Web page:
• Wuhan's local disease-control authority announced on Wednesday that it would effectively quarantine the entire city by shutting down all transportation.
  • All of the city's public transportation — including buses, metros, ferries, and train — will be temporarily shut down as of 10 a.m. local time on January 23. Trains and airplanes coming in and out of the city that have also been halted.
    Wuhan's 11 million residents have been told not to leave the city, barring special circumstances.

    The virus has spread to five other countries and to many other parts of China, including Beijing, Guangdong province, Zhejiang province, Tianjin, and Shanghai.

  • Outside of China, one case has been recorded in the US, one South Korea, one in Japan, one in Taiwan, and four in Thailand . All of those patients were either from Wuhan or had recently visited the city.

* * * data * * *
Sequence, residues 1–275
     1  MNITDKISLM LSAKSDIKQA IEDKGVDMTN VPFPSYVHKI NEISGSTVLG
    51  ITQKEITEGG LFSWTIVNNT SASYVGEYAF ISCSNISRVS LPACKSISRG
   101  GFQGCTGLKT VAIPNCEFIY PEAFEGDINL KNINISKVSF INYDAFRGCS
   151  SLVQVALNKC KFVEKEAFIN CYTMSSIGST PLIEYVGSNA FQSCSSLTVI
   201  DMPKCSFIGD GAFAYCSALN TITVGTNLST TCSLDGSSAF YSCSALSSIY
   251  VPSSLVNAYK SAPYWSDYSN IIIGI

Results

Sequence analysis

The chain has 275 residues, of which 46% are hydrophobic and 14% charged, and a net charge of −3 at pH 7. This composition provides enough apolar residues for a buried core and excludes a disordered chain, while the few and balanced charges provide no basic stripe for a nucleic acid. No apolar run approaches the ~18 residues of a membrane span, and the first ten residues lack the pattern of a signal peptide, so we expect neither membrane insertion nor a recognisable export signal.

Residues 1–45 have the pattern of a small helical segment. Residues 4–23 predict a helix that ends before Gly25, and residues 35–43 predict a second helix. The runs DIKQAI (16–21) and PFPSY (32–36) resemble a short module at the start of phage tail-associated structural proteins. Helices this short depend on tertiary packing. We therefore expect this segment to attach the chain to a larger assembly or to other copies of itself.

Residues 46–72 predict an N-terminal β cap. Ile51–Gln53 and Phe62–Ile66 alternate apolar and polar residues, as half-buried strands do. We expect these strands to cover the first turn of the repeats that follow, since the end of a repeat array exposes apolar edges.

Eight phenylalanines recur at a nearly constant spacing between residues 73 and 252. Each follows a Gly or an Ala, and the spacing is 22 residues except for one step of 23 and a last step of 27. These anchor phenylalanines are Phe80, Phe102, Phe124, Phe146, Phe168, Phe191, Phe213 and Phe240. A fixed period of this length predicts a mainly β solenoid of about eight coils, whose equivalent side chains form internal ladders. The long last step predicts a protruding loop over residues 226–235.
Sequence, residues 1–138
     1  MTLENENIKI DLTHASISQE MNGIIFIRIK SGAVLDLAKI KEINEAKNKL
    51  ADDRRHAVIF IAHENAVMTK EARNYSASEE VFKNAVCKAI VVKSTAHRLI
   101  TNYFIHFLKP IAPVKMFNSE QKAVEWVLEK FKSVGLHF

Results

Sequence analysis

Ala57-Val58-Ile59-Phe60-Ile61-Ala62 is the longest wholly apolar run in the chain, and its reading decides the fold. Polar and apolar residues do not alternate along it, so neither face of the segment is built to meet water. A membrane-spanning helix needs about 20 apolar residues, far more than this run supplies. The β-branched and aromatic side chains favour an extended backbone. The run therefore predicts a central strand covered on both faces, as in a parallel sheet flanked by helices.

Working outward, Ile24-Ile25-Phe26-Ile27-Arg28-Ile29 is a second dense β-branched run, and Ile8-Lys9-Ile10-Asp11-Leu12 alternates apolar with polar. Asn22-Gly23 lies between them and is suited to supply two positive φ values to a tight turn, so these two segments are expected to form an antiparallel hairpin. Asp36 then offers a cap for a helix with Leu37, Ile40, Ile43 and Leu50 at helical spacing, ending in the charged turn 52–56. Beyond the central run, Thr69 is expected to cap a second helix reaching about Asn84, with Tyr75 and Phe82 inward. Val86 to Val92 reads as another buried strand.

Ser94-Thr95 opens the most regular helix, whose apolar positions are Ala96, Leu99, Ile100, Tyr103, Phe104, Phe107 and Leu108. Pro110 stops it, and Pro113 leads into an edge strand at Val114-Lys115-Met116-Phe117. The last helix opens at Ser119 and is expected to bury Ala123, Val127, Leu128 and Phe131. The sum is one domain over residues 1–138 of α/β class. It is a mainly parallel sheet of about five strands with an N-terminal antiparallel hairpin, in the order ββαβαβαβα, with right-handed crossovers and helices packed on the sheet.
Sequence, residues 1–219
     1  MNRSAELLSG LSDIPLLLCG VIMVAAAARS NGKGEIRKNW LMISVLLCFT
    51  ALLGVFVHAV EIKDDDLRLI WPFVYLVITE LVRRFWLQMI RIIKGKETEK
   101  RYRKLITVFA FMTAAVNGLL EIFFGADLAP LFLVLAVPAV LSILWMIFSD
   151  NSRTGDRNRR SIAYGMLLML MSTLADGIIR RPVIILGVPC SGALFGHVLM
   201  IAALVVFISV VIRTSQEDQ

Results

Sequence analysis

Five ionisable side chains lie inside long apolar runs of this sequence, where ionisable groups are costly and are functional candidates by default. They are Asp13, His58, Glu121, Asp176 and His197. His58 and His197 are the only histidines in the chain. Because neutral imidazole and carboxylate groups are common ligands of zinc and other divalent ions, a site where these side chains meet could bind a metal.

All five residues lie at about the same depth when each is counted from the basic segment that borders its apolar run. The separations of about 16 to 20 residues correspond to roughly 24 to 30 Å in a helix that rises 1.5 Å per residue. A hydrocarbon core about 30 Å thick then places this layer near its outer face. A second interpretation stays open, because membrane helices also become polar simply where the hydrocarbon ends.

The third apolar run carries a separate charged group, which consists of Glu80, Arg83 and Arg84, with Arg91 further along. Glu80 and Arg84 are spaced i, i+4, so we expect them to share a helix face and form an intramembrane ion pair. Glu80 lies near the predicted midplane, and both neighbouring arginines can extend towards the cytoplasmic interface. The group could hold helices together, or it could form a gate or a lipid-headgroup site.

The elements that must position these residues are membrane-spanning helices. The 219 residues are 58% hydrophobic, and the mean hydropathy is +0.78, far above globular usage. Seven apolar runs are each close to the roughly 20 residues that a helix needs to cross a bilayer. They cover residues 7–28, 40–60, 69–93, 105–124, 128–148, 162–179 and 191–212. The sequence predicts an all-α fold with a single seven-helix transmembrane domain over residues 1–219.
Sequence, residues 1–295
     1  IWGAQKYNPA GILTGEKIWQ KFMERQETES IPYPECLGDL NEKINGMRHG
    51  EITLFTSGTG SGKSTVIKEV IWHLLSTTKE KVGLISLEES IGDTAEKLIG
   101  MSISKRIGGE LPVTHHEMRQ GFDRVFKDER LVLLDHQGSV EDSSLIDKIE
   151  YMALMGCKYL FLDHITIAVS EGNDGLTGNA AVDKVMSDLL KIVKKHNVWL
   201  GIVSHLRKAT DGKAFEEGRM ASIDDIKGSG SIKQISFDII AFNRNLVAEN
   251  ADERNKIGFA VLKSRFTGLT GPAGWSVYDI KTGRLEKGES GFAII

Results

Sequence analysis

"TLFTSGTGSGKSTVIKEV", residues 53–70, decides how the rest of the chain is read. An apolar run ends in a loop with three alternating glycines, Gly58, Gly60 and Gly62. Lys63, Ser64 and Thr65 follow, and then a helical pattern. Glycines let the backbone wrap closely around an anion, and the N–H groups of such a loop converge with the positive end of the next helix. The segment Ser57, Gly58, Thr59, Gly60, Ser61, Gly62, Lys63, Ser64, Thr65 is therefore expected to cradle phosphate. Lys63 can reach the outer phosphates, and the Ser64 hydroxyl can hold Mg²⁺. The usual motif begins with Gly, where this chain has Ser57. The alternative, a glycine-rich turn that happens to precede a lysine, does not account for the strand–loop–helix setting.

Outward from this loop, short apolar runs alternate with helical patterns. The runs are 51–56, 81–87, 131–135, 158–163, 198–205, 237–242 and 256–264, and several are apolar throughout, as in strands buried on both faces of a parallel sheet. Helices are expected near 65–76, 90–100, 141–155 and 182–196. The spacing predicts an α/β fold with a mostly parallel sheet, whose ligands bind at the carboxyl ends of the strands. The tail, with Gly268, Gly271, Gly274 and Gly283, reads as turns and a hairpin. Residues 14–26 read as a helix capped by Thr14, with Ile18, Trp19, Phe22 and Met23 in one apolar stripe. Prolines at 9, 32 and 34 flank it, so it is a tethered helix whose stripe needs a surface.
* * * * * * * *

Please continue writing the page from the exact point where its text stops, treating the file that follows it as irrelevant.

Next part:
• Other places, like Singapore, have reported suspected cases.
  • He estimated that a single person with the virus could infect 10, 20, or 30 people.

  • The true number infected people is probably higher than the total that Chinese authorities have identified there.
  • At the point in time when China said just 45 people had been infected, academics from Imperial College London thought the true number of infected people might have been closer to 1,723.

    Chinese officials have also warned that the virus is mutating, which could make it harder to control and treat.

  • Gao Fu, the director-general of China's Center for Disease Control and Prevention, said on Wednesday that the virus was adapting and changing — making it harder to fight.